As is also known in the art, radio frequency antennas are sometimes comprised of a radiating element formed from a conducting metal printed or deposited on a substrate. Such antennas have the advantage of lighter weight compared to waveguide antennas as a double-ridged horn. However. known antennas having printed radiating elements are not generally adapted to transmit or receive radio frequency energy having any one of a variety of polarizations.
SUMMARY OF THE INVENTION With this background of the invention in mind, it is an object of this invention to provide an improved phased array antenna.
It is another object of the invention to provide an improved phased array antenna adapted to operate in one of a number of polarizations. I
These and other objects of the invention are attained generally by providing a pair of mutually orthogonal printed radiating elements, each one of such elements having a flared notch formed therein.
BRIEF DESCRIPTION OF THE DRAWINGS The foregoing features of this invention, as well as the invention itself, may be more fully understood from the following detailed description read together with the accompanying drawing, the single FIGURE of which shows an exploded, perspective view of a phased array antenna according to the invention.
DESCRIPTION OF THE PREFERRED v EMBODIMENT Referring now to the FIGURE, a phased array antenna 10 is shown to include a plurality, here five, of vertical radiating elements 12 12, arranged in a linear array, a pluraity, here five, of horizontal radiating elements 14 I4 arranged in a linear array, and a back-wall 15. Back wall 15 is comprised of a single planar substrate of dielectirc material having a conducting material, here copper, deposited or printed by any conventional method to make the face portion 17 thereof a conventional ground plane for the radiating elements.
Each one of the vertical radiating elements l2 12 (as shown most clearly in the exploded view of radiating element 12 is identical in construction and includes a planar substrate 16 16 of dielectric material, a formed layer of conducting material, here copper, deposited or printed by any convenient method on a portion of one side of the planar substrate 16 16 and a feed line 18 18 The conducting material deposited on back wall I5 and the conducting material deposited on a portion of each one of the vertical radiating elements l2 12 are connected by a conventional solder joint (not numbered).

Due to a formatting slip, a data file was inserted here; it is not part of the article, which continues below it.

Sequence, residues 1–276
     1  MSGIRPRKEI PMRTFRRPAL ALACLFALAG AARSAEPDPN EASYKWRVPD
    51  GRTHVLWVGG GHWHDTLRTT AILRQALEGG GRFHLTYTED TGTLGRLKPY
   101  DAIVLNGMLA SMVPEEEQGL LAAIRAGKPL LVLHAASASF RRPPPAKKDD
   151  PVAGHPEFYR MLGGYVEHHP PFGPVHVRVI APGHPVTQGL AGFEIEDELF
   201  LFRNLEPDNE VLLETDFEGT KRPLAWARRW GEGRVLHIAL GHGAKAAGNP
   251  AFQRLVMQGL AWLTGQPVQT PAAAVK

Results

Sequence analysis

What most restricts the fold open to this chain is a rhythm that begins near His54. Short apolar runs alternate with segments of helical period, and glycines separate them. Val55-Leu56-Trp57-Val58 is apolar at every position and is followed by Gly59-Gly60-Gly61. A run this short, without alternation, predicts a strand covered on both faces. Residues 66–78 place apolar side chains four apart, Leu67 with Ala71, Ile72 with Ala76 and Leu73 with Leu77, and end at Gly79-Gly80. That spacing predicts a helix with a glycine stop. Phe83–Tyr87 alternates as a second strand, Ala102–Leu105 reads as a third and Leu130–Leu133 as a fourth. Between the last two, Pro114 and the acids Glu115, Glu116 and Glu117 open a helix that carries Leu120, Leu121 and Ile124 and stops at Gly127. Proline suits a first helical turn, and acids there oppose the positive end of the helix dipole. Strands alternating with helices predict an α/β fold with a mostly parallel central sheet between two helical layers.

Considering in detail an exemplary one of the vertical radiating elements, say vertical radiating element 12 it may be seen that the formed layer of conducting material is symmetrically printed about center line 20 to produce an upper portion 22 of the conducting material separated from a lower portion 24 of the conducting material by a notch 26. The notch 26 is flared from a narrow portion to a wide portion, here in one step. The narrow portion has a width a and the wide portion has a width b. A slot, not numbered, is formed within the substrate 26 along a portion of the center line 20, as shown, to permit alignment of the vertical radiating element 12,, with the horizontal radiating element 14 The feed line 18 here coaxial cable, is passed through back plate 15. One portion of such cable is orthogonal to the plane of back plate 15 and a second portion of such cable is parallel to such back plate. The former portion of the cable is displaced from the plane of the horizontal radiating elements by a dimension 0 and the second portion of such cable is displaced from the plane of back wall 15 by a dimension d.